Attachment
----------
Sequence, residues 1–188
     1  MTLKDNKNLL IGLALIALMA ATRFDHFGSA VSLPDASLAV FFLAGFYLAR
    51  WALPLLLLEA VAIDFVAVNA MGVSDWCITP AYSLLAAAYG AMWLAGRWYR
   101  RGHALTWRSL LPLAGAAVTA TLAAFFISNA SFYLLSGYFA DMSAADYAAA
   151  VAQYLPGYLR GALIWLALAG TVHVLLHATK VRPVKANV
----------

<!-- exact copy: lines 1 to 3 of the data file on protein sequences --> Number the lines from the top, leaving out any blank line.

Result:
Sequence, residues 1–188
     1  MTLKDNKNLL IGLALIALMA ATRFDHFGSA VSLPDASLAV FFLAGFYLAR
    51  WALPLLLLEA VAIDFVAVNA MGVSDWCITP AYSLLAAAYG AMWLAGRWYR